we head for Bloemfontein, 300 kilometres to the south. The first 20
kilometres is gravel, then it is one straight toll-road. It it
through the usual endless fields on huge, low hills. A few farmers
have Springboks, Blessboks and giraffes, the rest different type of cows.
We reach Bloemfontein in the early afternoon, and find the ZOO. It
turns out, they don't have the special big-horned cattle we were looking for,
and we are not really here to see the giraffes and elephants in
We check the location of the airport, and find a real nice
lodge nearby. Then we give our trusty truck a much needed
overhaul, which is mandatory, when I return it. It kind of look
strange in white, but it is amassing how well it have taken the
beating thought six countries, rivers, lakes, mountains and deserts.
So fare, I have driven 12.000 kilometres, Gry have joined the 9.000.
We relax a bit before dinner, which we get at the lodge's nice
restaurant. The young cook is a bit challenged. He have only had one
vegetarian costumer before, about a year ago, but he manages to find
some frozen "fake" stakes and serve them with mashed potatoes and a
Gry have had it, and I get to work at the computer the rest of the
6/2 A real slow start on the day: Gry
still sleeps, and I spend time at the computer. We only have to be
at the airport, seven kilometres away at two, and have little to do
meanwhile. We check out at eleven as asked to, and make a stroll in
the large wedding garden, across the suspension bridge. It is huge,
and have several lakes.
Back at the lodge, we sit in the lounge and drink tea and Fanta,
chatting. At one, we head for the airport, but check-in is first at
two. It is a nice but real tiny "international airport" - with only
domestic flights. I keep Gry company until boarding time, and then
head out, into Africa again.
I have two days to reach Johannesburg, and I don't intend to be
there too early. I know the short route: Only cattle fields in a
flat landscape - a bit like the dull, part of Jutland a dry summer.
I rather make a bit "U on the side", passing over Lesotho, just
nicking Swaziland and entering Johannesburg from the east.
I start with some good, but narrow gravelroads. When I think my
internal organs need a rest, I find a toll-road towards Kroonstad.
Then I turn of towards Bethlehem. I'm not really familiar with this part of
South Africa, and it seems like I haven't missed much. Cattle-land
around 1500 meters height, that is all. Then, after 200 kilometres,
Lesotho is seen as blue mountains to the south, and single table
mountains is getting closer.
I reach Bethlehem last time, where I shopped on the way to Lesotho - so long
ago. I just realized: The car have been real quiet to sit in, for the
kilometres. I got so familiar with having a co-driver.
find a B&B in the quiet neighbourhood, and talk with the owner for
an hour. Then I realises; I have to get something to eat, before it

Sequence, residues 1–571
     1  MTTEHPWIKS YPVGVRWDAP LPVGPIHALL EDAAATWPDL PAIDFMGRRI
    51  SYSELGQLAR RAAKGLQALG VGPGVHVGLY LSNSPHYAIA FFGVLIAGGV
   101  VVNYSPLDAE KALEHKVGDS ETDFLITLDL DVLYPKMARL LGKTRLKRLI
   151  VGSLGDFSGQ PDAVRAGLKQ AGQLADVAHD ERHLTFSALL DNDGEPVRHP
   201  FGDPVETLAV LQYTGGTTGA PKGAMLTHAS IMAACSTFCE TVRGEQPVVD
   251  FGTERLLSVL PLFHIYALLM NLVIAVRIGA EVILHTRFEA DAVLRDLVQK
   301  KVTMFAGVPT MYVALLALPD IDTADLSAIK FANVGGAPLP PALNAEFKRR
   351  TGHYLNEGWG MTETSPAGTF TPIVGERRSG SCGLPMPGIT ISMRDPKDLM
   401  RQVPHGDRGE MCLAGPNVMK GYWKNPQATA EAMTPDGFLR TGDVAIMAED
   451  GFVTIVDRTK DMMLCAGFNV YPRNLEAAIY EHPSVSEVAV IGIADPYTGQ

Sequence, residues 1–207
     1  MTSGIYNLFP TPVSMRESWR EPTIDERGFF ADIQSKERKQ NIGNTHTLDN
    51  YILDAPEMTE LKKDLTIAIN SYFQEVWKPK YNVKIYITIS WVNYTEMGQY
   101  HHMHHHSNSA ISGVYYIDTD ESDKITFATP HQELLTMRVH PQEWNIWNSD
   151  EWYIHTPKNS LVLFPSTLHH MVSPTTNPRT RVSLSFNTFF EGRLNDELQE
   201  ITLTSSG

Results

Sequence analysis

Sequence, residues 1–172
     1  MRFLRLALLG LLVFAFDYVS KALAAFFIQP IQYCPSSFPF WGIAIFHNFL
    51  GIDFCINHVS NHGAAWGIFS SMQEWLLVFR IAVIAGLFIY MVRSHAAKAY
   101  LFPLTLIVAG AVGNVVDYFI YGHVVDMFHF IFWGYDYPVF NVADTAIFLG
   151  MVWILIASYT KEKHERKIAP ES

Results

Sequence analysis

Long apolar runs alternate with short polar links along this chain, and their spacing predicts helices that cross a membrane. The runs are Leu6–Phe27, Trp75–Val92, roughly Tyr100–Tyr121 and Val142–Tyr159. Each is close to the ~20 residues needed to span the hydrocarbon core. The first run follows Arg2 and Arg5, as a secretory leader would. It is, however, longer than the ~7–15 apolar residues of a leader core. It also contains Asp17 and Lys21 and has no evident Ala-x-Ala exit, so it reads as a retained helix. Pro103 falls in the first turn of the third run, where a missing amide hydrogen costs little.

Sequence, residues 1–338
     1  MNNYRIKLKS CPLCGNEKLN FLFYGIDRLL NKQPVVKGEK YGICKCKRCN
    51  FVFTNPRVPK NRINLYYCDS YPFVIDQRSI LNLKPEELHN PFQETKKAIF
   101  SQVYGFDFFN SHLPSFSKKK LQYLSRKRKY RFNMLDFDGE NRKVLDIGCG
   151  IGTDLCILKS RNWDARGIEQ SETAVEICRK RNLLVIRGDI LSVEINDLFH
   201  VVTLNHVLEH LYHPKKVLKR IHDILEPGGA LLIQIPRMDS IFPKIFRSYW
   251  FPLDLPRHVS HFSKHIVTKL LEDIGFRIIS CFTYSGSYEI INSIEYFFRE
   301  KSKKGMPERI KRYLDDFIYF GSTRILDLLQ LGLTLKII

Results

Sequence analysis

turns completely dark.
Back to centre of town, and try to find some vegetarian food. They don't
but fix something. Salad, fries and mushrooms. Back in the
dark to my little play-house in the back of the garden. It have an
attached bathroom and tea kitchen; all I need. I sit and work all
evening anyway. At least, I don't feel bad about is tonight, as I'm
alone by now.
7/2 Despite the day's stint is only
kilometres, I get an early start. First I gas the car, then I head
towards Phuthaditjhaba, and stop for a self-made breakfast at a
great viewing site. The landscape have turned hilly or even
mountainous, and the plants are interesting in 1700 metres height. I
do several detours out on gravelroads, and botanizes along them. At
one stop, I keep finding new species, and I leave without being
finish. Some of the fields are fenced with barbwire, sitting on
ancient stone poles.
Here are not much of the bigger wildlife, but a few white storks,
two Secretary Birds, flying across the road and a lot of small
birds. In some areas, the small falcons sit on every telegraph-pole.
After the 1690 meter Van Reenes Pass, the landscape drops drastically, and
as the roads twists it way through, the views are fantastic. Then, I am
in KwaZulu-Natal at 1100 metres height, and it is just back to
dull cattle fields. Only a few rocky hills offers some large Aloes.
I do a short stop outside Bergville, but here are not that many
I stop in Ladysmith to get some cash, and do a stroll in the rather
cosy, old town. The entire area is scatted with old battle sights -
not my thing at all. I rather walk through the small forest I meet -
and can't get into due to the rusty barbwire.
A breath stop in
Dundee for lunch, then Newcastle is the next target. Besides from
the nuclear plant, it seems so much nicer than the Scottish one, and
I take a stroll. It is Sunday, but a posh
is open, and I do need some maintenance. For 80 Rand, I get both
hair and beard shortened - kind of the way I wanted it. At least,
the young fellow is way easier to communicate with, than my usual
home. On the other side of town, I pass Laingsnek Pass at 1680
metres, but soon after, it is just cattle-fields again. Here, there
are a few tiny villages with huts and rondawels. A single lake
houses 60 flamingos, way out on a field.
I reach my target; Heidelberg at six, but having a real hard time
finding the centre of town. The GPS favourites an industrial area
with numerous car dealers. The true centre turns out to be four
kilometres away. I find it after having seen the Muslim part,
another industrial area and partly given up after half a hour.
First I find a Chinese Yummy Kitchen, and figure I can't be picky by
now. I get a surprisingly tasty and large Veg Chop Soui for 38 Rand,
and directions for the lodge-area.
Some are closed, some real expensive, and I have to settle for one -
in the dusk - at 500 Rand. But it is truly cosy with a small kitchen
and good internet. I upload some of the
and the flowers from
there. Then I get the last Zimbabwe
photo up, and finish with the entire
Botswana album - during the
night, and the Mac-part of the computer get updated too.
8/2 I'm up early, but not really in a
hurry. My 25 litre backpack is a bit stuffed, and I might have to
bring the heavy boots and food in a second bag. The car is kind of